And that points toward another interesting feature of progressive civil religion.  What binds Fred’s and Fontana’s accounts is that for both writers, civil religion is feeble.  It lacks deep roots.  For Fred, civil religion is “thin” while for Fontana it has a shelf-life of roughly two and a half more years.  I am reminded of the following passage concerning the modern orientation toward tradition in the sociologist Edward Shils’s excellent book of the same name:

Tradition is like a plant which repeatedly puts down roots whenever it is left in one place for a short time, yet is frequently torn up and flung from one place to another, so that the nutriment of its branches and leaves is cut off and the plant becomes pale and enfeebled.  Traditions may be unavoidable but they are not always very strong.  Tendencies to seek and find traditions may be ubiquitous in human society and the tendencies to seek and find might always find a tradition to attach themselves to.  The tendency to seek a religious tradition may be present in all societies but if they are unaided by the availability of traditions and proponents of tradition, substantive traditions may become etiolated and very weak.  (315)

For progressive civil religion, that may be the point.

Law as Tradition: The Inescapability of Tradition

The third feature of law as tradition discussed by Professor Martin Krygier in his article, “Law as Tradition,” besides its pastness and its presence, is its transmission or handing down (“traditus” is often translated as that which is ‘handed’ down, and I have sometimes wondered whether there is a related but somewhat more distant etymological root: ‘tra’ means across, and ‘dita’ means ‘fingers’ in Italian, making ‘tradita’ transliterate to ‘across fingers.’  But probably the root of ‘dita’ is from the Latin, ‘dare’ — to give — making the transliteration, ‘giving across’).  “Traditions,” writes Krygier, “depend on real or imagined continuities between past and present.  These continuities may be formalized and institutionalized as they are in the institutions of law and religion, though they need not be.”  (251) Cultures which have well developed sacred and secular institutions entrust the task of transmission to various sorts of experts (“kings, priests, judges, scholars”), who are arranged in a hierarchy of  tradition-interpreting and transmitting authority.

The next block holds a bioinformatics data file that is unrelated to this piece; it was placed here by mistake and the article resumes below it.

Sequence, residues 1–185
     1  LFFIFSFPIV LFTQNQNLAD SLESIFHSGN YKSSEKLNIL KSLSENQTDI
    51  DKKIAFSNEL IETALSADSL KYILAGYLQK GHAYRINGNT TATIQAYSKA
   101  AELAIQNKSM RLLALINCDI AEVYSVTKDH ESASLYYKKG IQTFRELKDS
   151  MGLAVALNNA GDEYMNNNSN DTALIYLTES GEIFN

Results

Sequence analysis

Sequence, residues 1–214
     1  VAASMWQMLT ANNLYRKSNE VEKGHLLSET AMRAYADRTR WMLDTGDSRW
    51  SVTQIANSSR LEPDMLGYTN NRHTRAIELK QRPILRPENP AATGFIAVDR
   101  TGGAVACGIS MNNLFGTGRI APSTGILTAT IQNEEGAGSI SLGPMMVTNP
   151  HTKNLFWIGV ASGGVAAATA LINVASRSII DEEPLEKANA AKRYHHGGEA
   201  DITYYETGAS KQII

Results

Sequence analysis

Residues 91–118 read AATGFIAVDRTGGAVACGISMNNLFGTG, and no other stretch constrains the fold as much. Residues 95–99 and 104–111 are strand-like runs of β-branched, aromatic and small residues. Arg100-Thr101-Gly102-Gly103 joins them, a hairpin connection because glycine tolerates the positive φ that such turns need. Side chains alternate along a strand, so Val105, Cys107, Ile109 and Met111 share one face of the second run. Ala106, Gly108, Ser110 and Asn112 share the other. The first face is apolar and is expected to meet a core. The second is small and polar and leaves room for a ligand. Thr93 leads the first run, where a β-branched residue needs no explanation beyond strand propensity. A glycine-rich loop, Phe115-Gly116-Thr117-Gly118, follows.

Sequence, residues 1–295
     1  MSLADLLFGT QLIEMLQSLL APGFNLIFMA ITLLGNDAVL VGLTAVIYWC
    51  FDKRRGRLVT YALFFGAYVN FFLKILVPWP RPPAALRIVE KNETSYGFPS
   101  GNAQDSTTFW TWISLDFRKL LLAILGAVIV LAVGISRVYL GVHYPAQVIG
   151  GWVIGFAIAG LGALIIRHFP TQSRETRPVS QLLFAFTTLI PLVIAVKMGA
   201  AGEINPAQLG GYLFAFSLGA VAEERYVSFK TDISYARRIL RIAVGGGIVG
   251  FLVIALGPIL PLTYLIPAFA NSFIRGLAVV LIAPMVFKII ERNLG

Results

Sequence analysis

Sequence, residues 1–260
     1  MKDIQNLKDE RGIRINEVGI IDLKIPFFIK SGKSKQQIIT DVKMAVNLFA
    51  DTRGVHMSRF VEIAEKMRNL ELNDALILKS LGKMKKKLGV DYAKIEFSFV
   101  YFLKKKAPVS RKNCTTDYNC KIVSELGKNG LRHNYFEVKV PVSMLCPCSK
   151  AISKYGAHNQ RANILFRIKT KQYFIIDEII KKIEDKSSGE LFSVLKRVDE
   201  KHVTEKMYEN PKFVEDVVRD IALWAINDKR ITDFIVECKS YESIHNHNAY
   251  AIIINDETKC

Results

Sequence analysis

Krygier makes a nice move at this point.  He writes that the conventional dichotomy between “tradition” and “change” is false because “the very traditionality of law ensures that it must change.  Although authoritative interpreters might police the present to see that it does not stray too far from their interpretation of the past, it is impossible for traditions to survive unchanged.”  Change can occur deliberately (as when, for example, a new revelation or a new legislation is then incorporated into the tradition) or, in the case of written traditions, simply as a feature of the interpretive instability in the reading of a text (not the wild indeterminacy of text, just its lack of fixity).  In written traditions, “the past becomes available for controversy . . . . Written traditions are continually subject to modification.  Their transmission necessarily involves interpretation of writings.  This ensures change.”  (252)  That is because, in a tradition, texts do not stand alone but must be interpreted so as to be consistent and coherent with the tradition itself.  Krygier is not describing only, or even primarily, the interpretive tradition of the common law:

[G]iven the impossibility of univocal interpretation of most complex texts, there is a sense in which legislation forces interpreters to rely more rather than less heavily on tradition than does the common law. For a relevant statute, still more a code, forces itself on an interpreter. Its words cannot be sloughed aside as dicta or dissent; they have to be interpreted. Since their meanings often will be plural, and since later lawyers nevertheless have to give meaning to them, they are bound to repair to interpretations which have become settled and accepted and/or to canons of statutory interpretation which, as we have seen, are highly traditional. (254)

This is an interesting point, and one might extend it to constitutional interpretation.  Here’s a passage from Edward Shils’s wonderful book, Tradition, quoted by Krygier, which seems pertinent to constitutional interpretation today: